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Monday, October 3, 2011

How chess has economic lessons of strategy too!

Chess blog for latest chess news and chess trivia (c) Alexandra Kosteniuk, 2011

Hello everyone,

What do you have to say about economic lessons learned from chess?

Well, David John Marotta, the Founder and President of Marotta Wealth Management, Inc, has a nice article. He played for the State Department chess team at age 11, graduated from Stanford, taught Computer and Information Science, and still loves math and strategy games!!! 

He writes about how chess has given him economic lessons. He says, "Many people dismiss games as a waste of time. But at their best they teach principles of cause and effect that we can use as paradigms for real life. Of course, some games are better than others. Market games like the CNBC Million Dollar Portfolio Challenge teach all the wrong lessons about investing. Short-term movements are mostly noise. Therefore 10-week winner-take-all market contests encourage diversifying as little as possible and purchasing the most volatile investments. Chess encourages a much longer strategic approach."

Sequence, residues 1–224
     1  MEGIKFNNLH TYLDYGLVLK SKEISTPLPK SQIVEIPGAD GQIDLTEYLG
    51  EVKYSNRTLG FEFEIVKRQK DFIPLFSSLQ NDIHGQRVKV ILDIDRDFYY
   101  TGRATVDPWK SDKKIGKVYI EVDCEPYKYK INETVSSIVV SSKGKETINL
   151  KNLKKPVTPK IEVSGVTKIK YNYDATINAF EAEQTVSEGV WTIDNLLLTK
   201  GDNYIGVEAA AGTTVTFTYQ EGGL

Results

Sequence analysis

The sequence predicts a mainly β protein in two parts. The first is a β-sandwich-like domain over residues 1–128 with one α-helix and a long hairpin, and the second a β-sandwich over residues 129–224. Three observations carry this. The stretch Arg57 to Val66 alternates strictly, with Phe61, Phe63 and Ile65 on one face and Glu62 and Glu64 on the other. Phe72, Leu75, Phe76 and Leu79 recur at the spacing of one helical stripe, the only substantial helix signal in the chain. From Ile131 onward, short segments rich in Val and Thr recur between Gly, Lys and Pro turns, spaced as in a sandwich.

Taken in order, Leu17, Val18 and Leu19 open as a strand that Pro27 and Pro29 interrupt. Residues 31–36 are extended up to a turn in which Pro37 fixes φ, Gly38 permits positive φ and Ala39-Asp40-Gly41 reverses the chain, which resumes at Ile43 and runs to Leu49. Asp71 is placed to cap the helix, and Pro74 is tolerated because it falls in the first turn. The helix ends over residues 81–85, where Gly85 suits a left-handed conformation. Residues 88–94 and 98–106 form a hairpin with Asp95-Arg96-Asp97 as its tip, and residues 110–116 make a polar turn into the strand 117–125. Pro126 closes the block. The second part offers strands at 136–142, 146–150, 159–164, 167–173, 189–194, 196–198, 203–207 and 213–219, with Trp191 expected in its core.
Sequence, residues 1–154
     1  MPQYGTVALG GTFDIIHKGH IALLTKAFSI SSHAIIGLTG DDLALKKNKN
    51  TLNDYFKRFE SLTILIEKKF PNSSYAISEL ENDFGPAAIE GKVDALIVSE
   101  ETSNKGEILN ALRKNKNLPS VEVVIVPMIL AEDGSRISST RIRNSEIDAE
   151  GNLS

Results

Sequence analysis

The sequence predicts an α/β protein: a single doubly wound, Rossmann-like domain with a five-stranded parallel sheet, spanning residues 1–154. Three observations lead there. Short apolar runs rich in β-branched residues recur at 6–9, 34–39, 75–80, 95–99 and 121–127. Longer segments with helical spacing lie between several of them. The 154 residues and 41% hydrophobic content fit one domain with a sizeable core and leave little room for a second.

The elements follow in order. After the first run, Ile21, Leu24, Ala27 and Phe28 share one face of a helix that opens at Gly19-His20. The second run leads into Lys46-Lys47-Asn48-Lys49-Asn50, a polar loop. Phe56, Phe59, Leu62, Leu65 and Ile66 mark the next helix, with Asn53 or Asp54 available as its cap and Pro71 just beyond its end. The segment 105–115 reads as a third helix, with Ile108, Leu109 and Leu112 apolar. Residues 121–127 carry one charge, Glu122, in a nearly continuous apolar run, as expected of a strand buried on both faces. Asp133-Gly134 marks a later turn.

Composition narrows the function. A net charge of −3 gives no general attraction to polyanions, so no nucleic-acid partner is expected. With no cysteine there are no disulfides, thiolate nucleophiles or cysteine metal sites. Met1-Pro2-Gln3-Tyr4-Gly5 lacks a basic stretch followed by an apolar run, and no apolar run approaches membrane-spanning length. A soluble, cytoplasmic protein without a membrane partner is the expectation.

"My interest in chess began when I was only four years old. I remember watching my father and brother intently playing a game. I wanted to play. And although they thought the game was beyond me, I insisted on being taught.

There is a beauty to the game of chess. You have perfect knowledge. There are no dice or other random chance. Yet the number of possible moves and games makes it impossible to analyze completely. Even looking several moves ahead is beyond the capabilities of all but the most accomplished masters.

I’ve always found analyzing games even more interesting than playing them. At six I took out the chessboard and tried to determine how to finally beat my father. Finding a weak point, I plotted, challenged my father and then checkmated him in seven moves. A few years later I was beating him regularly, and he took me to his workplace for a better challenge. That’s how at age 11 I found myself competing for the State Department chess team against college-age players.

At that time I played a lot of speed chess. But I needed to learn to slow down. I sat on my hands to keep from moving. And I disciplined myself to ask four simple questions before I made any move: What did my opponent do? What can he or she do? What can I do? What should I do?

I’ve found this restraint helpful in every aspect of strategic decision making. Perhaps the markets dropped precipitously. But what specifically did they do? What dropped the most? What can they do going forward? Perhaps they will drop more, or perhaps they will rebound. Just the fact that chess caused me to separate the question of what my opponent did from he or she could do taught me wisdom."

You can read the full article at this link.
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